History

01/27/2010 - 10:39am

On Tuesday, January 26, 2010, the University of Mary Washington invites the public to a free lecture on Thomas Jefferson.

05/05/2011 - 4:34pm

    Thanksgiving disasters usually take the form of dried-out turkey or not enough mashed potatoes.  But for the Peterkin family, proper Victorians all, Thanksgiving disaster strikes when their dinner simply disappears.  In “The Peterkins’ Thanksgiving,” Elizabeth Spurr has adapted one of Lucretia Hale’s charming stories about this hapless family into a picture book edition illustrated with cheerful whimsy by Wendy Anderson Halperin.

11/11/2009 - 11:50am

“I was reading a book at the time and at 10.59 the guns all quit at once. It was to [sp] good to be true. I didn’t cheer as I cheered myself hoarse while at Souilly and it was a false report so I didn’t want to do it again. It wasn’t long till the Co came back. They were turned back just as they came under shell fire. One of K Co men got a shrapnel in the arm at the last minute. The boys looked more like gohsts [sp] than human when they came in, for want of rest and grub but that night we all sure put away some sleep."

11/12/2009 - 8:58am

On this day, we remember the sacrifice of soldiers in England, the United States, and France who fought and died in the Great War, the war to end all wars. While their noble goal is not yet realized, their noble deeds continue to be honored from the 1921 burial of the Unknown Soldier at Arlington National Cemetery to our daily remembrances of those who have been or are in the armed services.

11/12/2009 - 3:27pm

Seems as though every time there is an incident like the recent tragedy at Fort Hood, Clint Van Zandt turns up on TV, offering insight into what has happened and how to understand it. Van Zandt is well known for having been, for many years an FBI major crimes analyst, “profiler” and hostage negotiator. You may not know that he is today the president of a local business, Van Zandt Associates – an international risk and threat management consulting firm.

11/03/2009 - 3:34pm

From the Central Rappahannock Regional Library

Fort Lowry and Raiders on the Rappahannock by Carroll M. Garne.
A study of the Confederate fort, whose construction south of Fredericksburg was ordered by General Lee in 1861. Fort Lowry was designed to protect the Rappahannock waterway and used mines to damage Federal vessels. Includes chapters on John Wilkes Booth's attempted escape through the nearby countryside.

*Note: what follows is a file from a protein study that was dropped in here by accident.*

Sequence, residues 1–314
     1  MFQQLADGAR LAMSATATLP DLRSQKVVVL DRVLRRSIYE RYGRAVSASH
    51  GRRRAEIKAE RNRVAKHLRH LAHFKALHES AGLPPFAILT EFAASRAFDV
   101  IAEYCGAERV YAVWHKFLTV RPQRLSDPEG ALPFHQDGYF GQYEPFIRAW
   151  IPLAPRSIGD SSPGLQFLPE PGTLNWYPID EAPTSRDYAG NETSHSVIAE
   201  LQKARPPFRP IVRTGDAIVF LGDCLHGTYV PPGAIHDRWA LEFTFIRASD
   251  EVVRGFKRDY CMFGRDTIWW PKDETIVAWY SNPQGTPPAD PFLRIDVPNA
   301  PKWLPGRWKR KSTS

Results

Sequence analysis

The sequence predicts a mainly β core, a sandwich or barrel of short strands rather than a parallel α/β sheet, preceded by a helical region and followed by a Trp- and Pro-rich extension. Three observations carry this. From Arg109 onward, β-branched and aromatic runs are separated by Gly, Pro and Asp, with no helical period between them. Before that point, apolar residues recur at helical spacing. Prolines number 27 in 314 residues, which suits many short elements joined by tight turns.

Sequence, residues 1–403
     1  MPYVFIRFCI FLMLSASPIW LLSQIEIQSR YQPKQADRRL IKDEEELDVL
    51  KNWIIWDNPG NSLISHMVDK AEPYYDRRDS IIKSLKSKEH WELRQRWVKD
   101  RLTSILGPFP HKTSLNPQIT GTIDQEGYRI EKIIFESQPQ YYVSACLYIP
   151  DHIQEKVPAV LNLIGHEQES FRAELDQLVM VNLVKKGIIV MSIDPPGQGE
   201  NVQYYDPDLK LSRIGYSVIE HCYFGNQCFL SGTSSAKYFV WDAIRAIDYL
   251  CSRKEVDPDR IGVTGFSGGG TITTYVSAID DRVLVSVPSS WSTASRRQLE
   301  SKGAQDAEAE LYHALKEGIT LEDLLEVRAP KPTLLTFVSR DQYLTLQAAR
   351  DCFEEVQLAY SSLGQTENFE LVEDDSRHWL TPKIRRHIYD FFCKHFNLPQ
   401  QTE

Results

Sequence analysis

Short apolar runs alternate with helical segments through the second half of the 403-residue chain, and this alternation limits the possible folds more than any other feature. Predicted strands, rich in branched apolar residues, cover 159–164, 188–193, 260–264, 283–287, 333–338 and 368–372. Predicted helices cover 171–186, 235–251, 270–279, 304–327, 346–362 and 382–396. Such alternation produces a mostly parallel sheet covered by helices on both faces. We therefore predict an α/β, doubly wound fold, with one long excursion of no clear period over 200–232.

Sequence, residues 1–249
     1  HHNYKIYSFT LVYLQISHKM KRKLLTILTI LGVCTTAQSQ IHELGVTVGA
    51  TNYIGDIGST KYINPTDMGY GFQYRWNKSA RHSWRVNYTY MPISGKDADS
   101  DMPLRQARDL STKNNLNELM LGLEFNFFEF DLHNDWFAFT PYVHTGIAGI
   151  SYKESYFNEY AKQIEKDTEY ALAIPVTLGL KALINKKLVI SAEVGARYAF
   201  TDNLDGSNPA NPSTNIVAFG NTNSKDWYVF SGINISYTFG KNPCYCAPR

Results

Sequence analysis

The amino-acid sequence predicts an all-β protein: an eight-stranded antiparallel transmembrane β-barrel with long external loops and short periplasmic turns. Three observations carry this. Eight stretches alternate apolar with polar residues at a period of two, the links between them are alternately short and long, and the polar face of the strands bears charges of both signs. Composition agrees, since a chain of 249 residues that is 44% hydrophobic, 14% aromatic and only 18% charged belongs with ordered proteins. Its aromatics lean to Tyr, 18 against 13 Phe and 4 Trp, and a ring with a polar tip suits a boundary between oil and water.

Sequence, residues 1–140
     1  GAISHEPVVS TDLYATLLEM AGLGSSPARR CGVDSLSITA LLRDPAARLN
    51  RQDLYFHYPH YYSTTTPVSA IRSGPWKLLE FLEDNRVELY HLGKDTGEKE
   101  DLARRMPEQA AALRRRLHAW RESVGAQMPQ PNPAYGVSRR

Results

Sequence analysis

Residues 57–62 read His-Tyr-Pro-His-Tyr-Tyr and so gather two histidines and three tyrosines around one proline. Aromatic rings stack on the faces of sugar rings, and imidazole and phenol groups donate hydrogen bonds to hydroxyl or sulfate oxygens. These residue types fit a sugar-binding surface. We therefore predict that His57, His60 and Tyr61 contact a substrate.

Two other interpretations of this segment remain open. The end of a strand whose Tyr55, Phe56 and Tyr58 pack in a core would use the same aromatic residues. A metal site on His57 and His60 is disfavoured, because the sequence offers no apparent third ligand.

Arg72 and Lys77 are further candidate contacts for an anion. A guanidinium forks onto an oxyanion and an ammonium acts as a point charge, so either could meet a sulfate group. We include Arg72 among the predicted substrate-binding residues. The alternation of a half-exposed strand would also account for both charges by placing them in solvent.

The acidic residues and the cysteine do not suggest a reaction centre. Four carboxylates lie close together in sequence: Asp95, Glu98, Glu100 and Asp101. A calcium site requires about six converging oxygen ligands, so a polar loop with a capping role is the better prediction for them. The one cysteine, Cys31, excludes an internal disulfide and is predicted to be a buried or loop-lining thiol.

11/02/2009 - 3:45pm

“In fourteen hundred and ninety-two/ Columbus sailed the ocean blue.”  But there’s more to the story.  As Columbus Day approaches, take a new look at the explorer in Russell Freedman’s “Who Was First? Discovering the Americas.” 

11/02/2009 - 1:15pm
From the Central Rappahannock Regional Library

Battle of the Ironclads: The Monitor and the Merrimack by Alden R. Carter.
This book for elementary school students examines the construction, battles, and technological and historical impact of the Civil War battleships, the Monitor and the Virginia (Merrimack).
C.S.S. Virginia: Mistress of Hampton Roads by John V. Quarstein.
A lengthy account of the naval battle. Available to read in the Virginiana Room.
Part of the Virginia Regimental Histories series.

Duel Between the First Ironclads by William C. Davis.
The author weaves fascinating personal and historical detail into his narrative.
Also available as an eBook. Click here for more information on this collection.

Duel of the Ironclads: The Monitor vs. the Virginia by Patrick O'Brien.
A short book (36 pages) that is appropriate for elementary students who are just beginning to develop a taste for history.
11/03/2009 - 3:43pm

By Sue Willis, CRRL Staff

From the Central Rappahannock Regional Library

"Frederick Louis, Prince of Wales (1707-1751)" Dictionary of National Biography. Volume VII, pp. 675-678
A detailed article from the revered source for British biography. Available in the reference section of the headquarters library.
09/22/2016 - 1:40pm
Accessing the Old Newspapers of Fredericksburg

There have been newspapers published in Fredericksburg since 1788. (The only gap came in 1862-65, when the city was devastated by war.)  Fredericksburg has been a one-newspaper town – the Free Lance-Star –- since the 1920s, but before that many newspapers were published locally….

 

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